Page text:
The next aspect of the amendments is eligibility under the Defence Service Homes Act for an operation in the Red Sea from 13 to 19 January 1993, Operation DAMASK-VI, and reclassification as operational service. It makes sure that those who have been engaged in this particular operation for that short period of time will, as a result, be eligible for subsidised home loans and insurance under the Defence Service Homes Act 1918.
The third aspect that I wish to deal with briefly is special assistance. The VEA and the MRCA give the commission the power to extend special assistance and benefits to people not otherwise provided for under the legislation. Currently, that is provided by means of a regulation. This amendment makes it clear that that sort of assistance is provided by way of a legislative instrument rather than regulation, and it permits more timely payment and assistance to be provided.
The fourth area the amendments deal with is debt recovery—the technical amendment making sure that debt recovery provision within the legislation applies to all possible circumstances relating to debt recovery.
The fifth area, as I said before, deals with clean energy payments payable to people residing in Australia. I am not always sure that people who live in Norfolk Island think they actually are Australians. Having visited the place myself and having enjoyed a holiday there, I can say that the Norfolk Island residents are unique people. But these amendments make sure that Norfolk Island residents are eligible for clean energy assistance payments, as any other Australians would be.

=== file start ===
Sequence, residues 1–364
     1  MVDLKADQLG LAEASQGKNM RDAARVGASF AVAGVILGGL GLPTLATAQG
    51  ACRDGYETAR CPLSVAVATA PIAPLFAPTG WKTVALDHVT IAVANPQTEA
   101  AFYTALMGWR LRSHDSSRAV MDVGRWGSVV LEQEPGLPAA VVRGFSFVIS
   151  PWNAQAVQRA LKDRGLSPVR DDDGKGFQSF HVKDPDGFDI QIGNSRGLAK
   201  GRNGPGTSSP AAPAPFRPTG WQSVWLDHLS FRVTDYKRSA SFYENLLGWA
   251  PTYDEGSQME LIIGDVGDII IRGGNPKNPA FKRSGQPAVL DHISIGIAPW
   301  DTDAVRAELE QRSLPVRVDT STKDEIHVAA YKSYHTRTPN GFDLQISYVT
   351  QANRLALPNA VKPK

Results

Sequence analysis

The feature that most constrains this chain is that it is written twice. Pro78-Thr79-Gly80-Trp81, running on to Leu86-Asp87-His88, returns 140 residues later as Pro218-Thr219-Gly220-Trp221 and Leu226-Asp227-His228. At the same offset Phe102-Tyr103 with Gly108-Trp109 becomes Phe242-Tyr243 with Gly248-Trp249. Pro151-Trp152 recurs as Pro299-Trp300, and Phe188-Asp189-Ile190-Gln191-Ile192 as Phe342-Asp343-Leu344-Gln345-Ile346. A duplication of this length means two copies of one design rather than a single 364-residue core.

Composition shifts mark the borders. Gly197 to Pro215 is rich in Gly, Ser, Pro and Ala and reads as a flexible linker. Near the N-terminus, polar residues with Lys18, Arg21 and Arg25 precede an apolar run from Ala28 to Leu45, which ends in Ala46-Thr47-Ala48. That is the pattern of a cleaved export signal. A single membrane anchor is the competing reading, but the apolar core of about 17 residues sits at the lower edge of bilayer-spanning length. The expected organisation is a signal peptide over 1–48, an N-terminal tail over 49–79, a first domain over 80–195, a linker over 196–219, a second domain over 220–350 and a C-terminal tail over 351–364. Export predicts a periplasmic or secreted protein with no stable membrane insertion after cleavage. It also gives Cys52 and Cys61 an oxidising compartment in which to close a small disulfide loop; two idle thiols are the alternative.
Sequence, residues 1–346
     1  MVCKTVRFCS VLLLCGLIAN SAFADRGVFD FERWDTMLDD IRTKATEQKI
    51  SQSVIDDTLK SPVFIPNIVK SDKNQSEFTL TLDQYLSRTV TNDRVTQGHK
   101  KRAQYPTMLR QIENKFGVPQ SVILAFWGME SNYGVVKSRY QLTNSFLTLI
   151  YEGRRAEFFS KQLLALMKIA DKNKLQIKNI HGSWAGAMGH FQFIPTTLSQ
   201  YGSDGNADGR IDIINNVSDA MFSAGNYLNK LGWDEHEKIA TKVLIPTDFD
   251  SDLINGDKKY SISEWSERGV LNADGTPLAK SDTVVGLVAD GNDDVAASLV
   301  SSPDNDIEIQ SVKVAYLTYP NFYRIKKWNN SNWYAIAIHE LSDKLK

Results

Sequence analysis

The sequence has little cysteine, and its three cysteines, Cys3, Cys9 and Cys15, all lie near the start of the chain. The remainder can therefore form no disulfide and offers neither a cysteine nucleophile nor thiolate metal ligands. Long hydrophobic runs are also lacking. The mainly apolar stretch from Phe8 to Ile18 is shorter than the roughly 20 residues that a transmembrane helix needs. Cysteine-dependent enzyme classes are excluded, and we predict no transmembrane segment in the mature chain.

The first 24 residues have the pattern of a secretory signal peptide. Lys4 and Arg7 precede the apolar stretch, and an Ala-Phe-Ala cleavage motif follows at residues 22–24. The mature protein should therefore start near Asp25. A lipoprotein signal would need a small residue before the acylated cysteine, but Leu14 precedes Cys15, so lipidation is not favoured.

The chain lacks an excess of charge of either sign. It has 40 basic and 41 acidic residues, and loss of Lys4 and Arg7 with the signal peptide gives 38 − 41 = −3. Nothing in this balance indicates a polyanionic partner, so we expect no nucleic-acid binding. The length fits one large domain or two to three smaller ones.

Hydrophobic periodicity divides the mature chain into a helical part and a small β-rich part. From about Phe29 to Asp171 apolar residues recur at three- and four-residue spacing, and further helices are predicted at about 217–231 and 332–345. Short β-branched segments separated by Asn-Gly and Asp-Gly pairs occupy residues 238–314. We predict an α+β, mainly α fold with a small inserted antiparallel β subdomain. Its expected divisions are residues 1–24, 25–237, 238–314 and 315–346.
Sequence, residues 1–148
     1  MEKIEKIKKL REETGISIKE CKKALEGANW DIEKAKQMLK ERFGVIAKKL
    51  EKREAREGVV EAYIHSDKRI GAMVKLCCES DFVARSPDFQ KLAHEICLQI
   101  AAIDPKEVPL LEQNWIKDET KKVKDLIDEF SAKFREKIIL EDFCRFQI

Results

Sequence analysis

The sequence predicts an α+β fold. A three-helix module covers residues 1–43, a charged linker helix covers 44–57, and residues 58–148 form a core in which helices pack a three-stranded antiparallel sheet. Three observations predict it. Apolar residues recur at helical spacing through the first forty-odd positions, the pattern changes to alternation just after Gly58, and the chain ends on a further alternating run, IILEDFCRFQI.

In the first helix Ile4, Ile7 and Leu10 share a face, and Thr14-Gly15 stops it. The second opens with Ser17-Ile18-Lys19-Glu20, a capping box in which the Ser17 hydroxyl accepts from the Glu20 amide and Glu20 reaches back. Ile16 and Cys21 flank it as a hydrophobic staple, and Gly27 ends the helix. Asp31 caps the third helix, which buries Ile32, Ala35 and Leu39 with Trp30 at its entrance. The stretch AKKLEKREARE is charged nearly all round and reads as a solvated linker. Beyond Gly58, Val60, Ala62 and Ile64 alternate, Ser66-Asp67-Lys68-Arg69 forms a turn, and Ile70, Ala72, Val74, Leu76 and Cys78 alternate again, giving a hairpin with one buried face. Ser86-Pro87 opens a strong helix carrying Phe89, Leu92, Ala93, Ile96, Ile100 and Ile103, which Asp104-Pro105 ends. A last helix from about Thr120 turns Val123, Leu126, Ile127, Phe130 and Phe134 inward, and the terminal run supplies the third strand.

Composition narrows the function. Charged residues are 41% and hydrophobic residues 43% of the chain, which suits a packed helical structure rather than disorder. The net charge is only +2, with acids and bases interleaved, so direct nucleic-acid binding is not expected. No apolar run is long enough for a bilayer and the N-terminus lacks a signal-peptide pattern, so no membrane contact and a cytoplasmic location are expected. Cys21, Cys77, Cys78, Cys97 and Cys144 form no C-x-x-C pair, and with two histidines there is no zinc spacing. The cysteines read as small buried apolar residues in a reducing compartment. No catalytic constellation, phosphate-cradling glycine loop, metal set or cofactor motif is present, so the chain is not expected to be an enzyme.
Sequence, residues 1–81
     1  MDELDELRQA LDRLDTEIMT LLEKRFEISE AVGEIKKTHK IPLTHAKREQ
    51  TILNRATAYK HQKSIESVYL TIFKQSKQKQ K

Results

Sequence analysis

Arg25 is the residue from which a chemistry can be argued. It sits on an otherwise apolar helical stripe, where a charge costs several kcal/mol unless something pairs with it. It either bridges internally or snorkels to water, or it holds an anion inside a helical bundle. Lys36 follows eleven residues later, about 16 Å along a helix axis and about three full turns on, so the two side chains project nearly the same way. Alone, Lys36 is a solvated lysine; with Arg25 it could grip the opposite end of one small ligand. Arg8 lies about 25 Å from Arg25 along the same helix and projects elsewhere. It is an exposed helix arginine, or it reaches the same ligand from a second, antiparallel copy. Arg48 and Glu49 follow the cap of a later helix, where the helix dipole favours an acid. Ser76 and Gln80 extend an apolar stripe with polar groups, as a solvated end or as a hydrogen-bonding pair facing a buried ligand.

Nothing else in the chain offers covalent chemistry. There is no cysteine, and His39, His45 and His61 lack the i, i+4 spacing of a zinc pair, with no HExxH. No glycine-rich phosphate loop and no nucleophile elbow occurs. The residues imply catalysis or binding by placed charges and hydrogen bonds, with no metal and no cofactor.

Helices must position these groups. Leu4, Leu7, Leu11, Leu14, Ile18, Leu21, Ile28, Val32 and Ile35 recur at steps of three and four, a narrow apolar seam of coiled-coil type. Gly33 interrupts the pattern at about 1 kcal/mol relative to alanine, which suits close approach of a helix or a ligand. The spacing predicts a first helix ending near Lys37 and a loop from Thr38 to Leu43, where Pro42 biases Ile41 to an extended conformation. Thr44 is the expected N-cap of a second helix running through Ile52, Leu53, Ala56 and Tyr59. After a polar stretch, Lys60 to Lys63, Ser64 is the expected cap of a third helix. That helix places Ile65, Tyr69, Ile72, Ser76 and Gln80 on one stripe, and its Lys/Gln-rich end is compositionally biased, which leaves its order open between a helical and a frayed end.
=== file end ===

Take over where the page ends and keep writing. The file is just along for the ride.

The next aspect deals with the MRCA supplement. In 2009, this federal Labor government implemented historic pension reform, the largest pension increase we have ever seen in the history of the Commonwealth of Australia. As part of that package we introduced the MRCA supplement which replaced the telephone and pharmaceutical allowances that were payable. The amendment really just fixes up a clause and makes sure that all references to the previous telephone and pharmaceutical allowances are replaced with a reference to the supplement that now exists, which is now described as the MRCA supplement.